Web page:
Recognize, if you please, who are this signet, this wrap, and this staff (Bereishis 38:25)

Rashi: From this they (our Rabbis) said, “It is better for a person to be cast into a fiery furnace than to embarrass his fellow in public.”

Reb Leib Chasman, the mashgiach of Chevron Yeshiva, asks “Why do Chazal use the word ׳נוח׳ (it is better) rather than give us a directive, such as “one is obligated to cast oneself into a fire rather than embarrass his fellow man”?

This week, I was approached by a man—let’s call him Reuven—who had just received a gift from his friend Shimon. When Shimon gave him the gift, Reuven understood that Shimon wanted him to do something, even though Shimon never expressed this as a condition. During the course of time, Reuven no longer wanted to uphold the unspoken part of the deal. He came to me and asked if Jewish Law compelled him to uphold Shimon’s original wishes. He repeated how the terms were never discussed verbally before the transaction was executed, giving Reuven a very strong case to legally ignore any further obligations which may—or may not—be upon him.

I explained to Reuven that there is a concept in the Torah obligating one to appreciate the good that is given to him. This obligation to recognize the good comes in addition to any written or verbal agreement. Reuven then countered that he was under no obligation to be extra thankful to Shimon for the present, since he in any case planned to buy the exact item for himself.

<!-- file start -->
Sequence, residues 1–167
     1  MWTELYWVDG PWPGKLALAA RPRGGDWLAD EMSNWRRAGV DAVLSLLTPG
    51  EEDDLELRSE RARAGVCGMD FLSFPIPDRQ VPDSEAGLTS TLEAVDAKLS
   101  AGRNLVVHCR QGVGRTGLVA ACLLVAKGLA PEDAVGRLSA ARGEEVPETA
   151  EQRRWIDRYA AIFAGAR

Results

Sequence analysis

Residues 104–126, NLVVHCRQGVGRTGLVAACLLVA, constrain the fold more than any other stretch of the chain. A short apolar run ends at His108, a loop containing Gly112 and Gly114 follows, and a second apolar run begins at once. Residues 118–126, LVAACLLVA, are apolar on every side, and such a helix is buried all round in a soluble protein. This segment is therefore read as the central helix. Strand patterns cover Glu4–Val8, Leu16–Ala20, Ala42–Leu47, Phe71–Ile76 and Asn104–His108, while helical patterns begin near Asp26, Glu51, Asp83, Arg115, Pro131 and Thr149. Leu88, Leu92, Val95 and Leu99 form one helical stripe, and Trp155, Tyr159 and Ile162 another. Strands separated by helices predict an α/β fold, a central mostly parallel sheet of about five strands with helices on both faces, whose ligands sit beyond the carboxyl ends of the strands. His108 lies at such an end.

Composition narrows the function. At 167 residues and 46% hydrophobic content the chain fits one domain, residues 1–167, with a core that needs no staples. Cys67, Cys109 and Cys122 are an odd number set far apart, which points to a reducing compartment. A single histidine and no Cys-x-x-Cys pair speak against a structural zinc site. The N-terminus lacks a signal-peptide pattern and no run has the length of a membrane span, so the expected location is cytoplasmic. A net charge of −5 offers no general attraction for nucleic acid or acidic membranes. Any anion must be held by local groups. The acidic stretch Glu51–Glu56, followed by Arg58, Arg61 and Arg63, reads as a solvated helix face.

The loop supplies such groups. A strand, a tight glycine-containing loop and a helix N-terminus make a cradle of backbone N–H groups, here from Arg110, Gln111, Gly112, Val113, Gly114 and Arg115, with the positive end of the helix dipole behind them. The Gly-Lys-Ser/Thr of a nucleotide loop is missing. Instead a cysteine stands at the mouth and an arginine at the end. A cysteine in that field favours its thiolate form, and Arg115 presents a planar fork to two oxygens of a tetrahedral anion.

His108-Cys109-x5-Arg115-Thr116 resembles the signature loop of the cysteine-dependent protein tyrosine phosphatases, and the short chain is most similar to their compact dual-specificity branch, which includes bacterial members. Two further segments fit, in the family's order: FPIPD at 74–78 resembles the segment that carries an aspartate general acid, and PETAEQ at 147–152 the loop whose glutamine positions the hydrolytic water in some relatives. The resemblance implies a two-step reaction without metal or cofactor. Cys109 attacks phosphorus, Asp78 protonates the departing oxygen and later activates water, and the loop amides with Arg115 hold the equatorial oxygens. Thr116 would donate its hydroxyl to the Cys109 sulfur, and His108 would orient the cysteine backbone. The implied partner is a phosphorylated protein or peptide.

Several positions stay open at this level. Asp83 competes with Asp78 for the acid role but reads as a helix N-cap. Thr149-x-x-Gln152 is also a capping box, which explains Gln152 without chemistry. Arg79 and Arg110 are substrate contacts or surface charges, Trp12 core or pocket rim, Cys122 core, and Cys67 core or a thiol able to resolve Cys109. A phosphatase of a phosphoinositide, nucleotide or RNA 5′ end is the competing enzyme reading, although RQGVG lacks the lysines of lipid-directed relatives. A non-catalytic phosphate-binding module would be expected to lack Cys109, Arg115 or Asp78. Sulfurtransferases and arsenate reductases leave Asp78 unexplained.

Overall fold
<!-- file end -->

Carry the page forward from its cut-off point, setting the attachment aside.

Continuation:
I tried to explain Reuven’s fallacious argument with the following allegory: Imagine you finished your morning at work, and planned to come home for a quick lunch before your meeting on the other side of town. On the menu was lachmania, chummus and a bag of choco (or for you Americans, that would be PB&J on bread with a glass of milk). Unbeknownst to you, your wife stayed home that day in order to surprise you with lunch and prepared a veritable feast (at least, compared to the PB&J) of chicken, potatoes, beans and fresh-squeezed juice! You are still in a rush to get out, so you quickly eat the meal your wife prepared, bentsch, say “Good-bye” and then walk out to your meeting. But before walking through the door, your wife asks “Aren’t you going to say ‘thank you’ for the lunch?” Stumped by this non-sequitur, you reply to your wife “I was planning to eat my lachmania for lunch—and would have been very happy with that. Why do I need to thank you?”

Sometimes I wonder how is it that people do not stop and think about what they say and do. The answer is because we are all pre-occupied, and we therefore do not have time to realize the obvious.

Getting back to our original question, the Mashgiach of Chevron answers that Chazal are telling us that we must STOP what we are doing and feel for another person. If we were to implement this into our lives and take time to reflect on the feelings of others, we would realize that it is better to feel the pain of the fiery furnace than the pain caused by embarrassment.

The poskim tell us that when we sit at our Chanukah seuda, we should have divrei Hallel Vihoda’a to Hashem. Here to, it is our obligation—not just to light the menorah and speak about the miracle, but to take the time and effort to really think about, connect and reflect what this means to us.

Chanukah Sameach